Niels de Ruiter is an investment professional at Committed Capital, and a former independent consultant. In this article, we explore Niels' adventurous and entrepreneurial experiences that have permeated his personal and professional life since his studies.
Tell us something about yourself and your background
I did a MSc. in Accounting & Control in Rotterdam. As a side-hustle I co-founded a wooden sunglasses business with friends. While demand was high, production presented challenges. It was my first entrepreneurial experience and planted a seed. After closing the company, I pursued a second master’s in Financial Law and I started an internship at Soestdijk Capital (predecessor of Committed Capital), which confirmed my affinity for the field of finance.
I took a step away from finance after that and worked for two years as a ski instructor. Ready for the next challenge, I joined Lindenaar & Co Corporate Finance. This corporate finance boutique allowed me the freedom to engage with a wide range of exciting avenues for six years. I had the opportunity to explore my own role and value add in transactions. During this time I was able to work closely with many entrepreneurs.
Why did you decide to quit your job?
I left my job due to new ambitions and a desire for adventure. A compelling dream began to consume my thoughts: embarking on a sailing trip around the world. Initially, my girlfriend had no plans to join me, but as the plan became more concrete and I started searching for a boat, she quit her job and joined me on this adventure. Ultimately, I was away for 1.5 years. I spent three months working remotely in the mountains while ski touring and mountain climbing every day, another 1.5 months preparing the boat, and then setting off for a year. It was an indescribable feeling of freedom, autonomy, and a close connection to nature.
Despite the desire to stay away longer, something unsettled me, perhaps the challenges of deviating from the conventional path. Upon our return, my girlfriend and I started from scratch, having given up everything - including home and jobs. Rebuilding meant a period of hustling. We purchased a new boat to live in and anchored in Schellingwoude, where we can maintain a connection to nature while enjoying the amenities and pleasures of Amsterdam. Living quarters were secured, however, my place of work was yet to be determined. After I discovered Sweav through a LinkedIn post, I met with Joeri and was quickly welcomed in the Sweav community.
How is working on projects as a freelancer different from working at an advisory firm?
It was never part of my plan to become a freelancer, so I had to take some time to adjust, especially to working independently instead of being part of a team. However, the advantages began to show. It’s an extremely fulfilling feeling to bring in clients on your own, deliver quality work yourself - the sense of accomplishment. An additional benefit is the earning potential, relative to being on payroll. And, finally, there is the diversity in environments and projects.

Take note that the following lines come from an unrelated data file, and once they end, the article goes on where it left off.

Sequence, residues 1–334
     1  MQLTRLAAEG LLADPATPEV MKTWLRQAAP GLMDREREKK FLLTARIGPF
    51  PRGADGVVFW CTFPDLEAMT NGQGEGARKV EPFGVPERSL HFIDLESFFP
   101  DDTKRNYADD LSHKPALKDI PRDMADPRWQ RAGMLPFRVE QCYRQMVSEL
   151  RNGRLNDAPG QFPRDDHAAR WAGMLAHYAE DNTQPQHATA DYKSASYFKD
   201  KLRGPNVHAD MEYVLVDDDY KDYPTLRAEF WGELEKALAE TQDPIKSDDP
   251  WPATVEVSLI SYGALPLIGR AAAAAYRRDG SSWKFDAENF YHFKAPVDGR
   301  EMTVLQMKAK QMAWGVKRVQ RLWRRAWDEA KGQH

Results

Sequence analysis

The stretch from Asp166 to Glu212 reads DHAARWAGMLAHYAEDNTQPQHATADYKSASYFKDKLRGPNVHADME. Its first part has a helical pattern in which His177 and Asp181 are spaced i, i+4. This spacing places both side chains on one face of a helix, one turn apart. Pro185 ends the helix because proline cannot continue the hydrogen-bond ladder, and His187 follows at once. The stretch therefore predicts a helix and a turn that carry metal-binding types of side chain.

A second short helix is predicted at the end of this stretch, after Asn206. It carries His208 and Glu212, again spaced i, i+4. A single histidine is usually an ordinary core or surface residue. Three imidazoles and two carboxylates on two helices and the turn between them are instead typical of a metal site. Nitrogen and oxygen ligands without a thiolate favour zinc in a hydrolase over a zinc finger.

Freelancing enables me to gather knowledge from various parties, comparing cultures, and different work approaches. This comes in very handy when browsing for further career opportunities. I came from an advisory firm, but through freelancing I was able to enter PE firms and discovered my interest in this sector. Because I realized I wanted to immerse myself in PE, I started working at Committed Capital. I take pride in coming in with an entrepreneurial spirit.
What is the biggest misconception people have about freelancing in strategy or M&A?
A misconception is that people think you stop learning as a freelancer; that’s not true. I also received assignments that I had never done before, but if you approach them with an entrepreneurial mentality and teach yourself new things, you actually learn a lot.
What is your endgame career wise?
The allure of entrepreneurship always remains. That is why I have decided to start a new chapter in my career and gain experience in private equity. Compared to M&A advisory, private equity comes with more entrepreneurial tasks and responsibilities. It’s not just about transactions; it’s about adding significant value as well. That’s why my current focus is on gaining extensive experience and learning rapidly in a short period of time.
What would be your advice for people considering going freelance?
The aspect of leaving; quitting your job, giving up your home: there is always a reason not to do it. Ultimately, you just have to bite the bullet. Yes, there is always an awkward phase, and it’s not necessarily the path of least resistance. But something beautiful always emerges from it.